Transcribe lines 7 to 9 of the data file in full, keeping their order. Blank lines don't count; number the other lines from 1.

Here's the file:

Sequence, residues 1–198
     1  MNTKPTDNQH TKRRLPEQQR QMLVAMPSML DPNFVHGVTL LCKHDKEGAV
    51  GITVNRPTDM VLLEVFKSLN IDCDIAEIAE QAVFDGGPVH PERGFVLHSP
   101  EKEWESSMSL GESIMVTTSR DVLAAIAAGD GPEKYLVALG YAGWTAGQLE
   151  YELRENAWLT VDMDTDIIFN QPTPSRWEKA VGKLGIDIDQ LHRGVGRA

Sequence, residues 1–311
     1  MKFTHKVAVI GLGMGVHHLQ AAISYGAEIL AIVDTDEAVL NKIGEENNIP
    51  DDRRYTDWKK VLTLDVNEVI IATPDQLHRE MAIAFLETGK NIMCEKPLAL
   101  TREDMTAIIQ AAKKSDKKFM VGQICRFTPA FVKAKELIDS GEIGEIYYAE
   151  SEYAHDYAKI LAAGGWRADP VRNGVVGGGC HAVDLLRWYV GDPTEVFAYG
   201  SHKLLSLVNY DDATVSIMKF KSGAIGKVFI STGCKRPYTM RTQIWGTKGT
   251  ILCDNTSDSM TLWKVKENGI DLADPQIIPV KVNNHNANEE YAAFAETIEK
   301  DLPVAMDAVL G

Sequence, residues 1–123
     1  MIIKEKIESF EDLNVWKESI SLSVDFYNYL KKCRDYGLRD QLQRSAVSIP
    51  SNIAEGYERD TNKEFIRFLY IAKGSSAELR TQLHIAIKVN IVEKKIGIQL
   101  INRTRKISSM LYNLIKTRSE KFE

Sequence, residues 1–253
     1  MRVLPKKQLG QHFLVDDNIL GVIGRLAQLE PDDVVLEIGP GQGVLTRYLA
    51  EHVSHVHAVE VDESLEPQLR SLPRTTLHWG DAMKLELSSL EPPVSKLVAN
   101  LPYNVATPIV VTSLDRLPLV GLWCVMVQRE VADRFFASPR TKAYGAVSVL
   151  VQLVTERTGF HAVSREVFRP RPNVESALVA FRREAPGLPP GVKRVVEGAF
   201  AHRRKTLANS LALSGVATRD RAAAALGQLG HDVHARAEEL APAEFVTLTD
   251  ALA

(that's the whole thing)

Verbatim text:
     1  MKFTHKVAVI GLGMGVHHLQ AAISYGAEIL AIVDTDEAVL NKIGEENNIP
    51  DDRRYTDWKK VLTLDVNEVI IATPDQLHRE MAIAFLETGK NIMCEKPLAL
   101  TREDMTAIIQ AAKKSDKKFM VGQICRFTPA FVKAKELIDS GEIGEIYYAE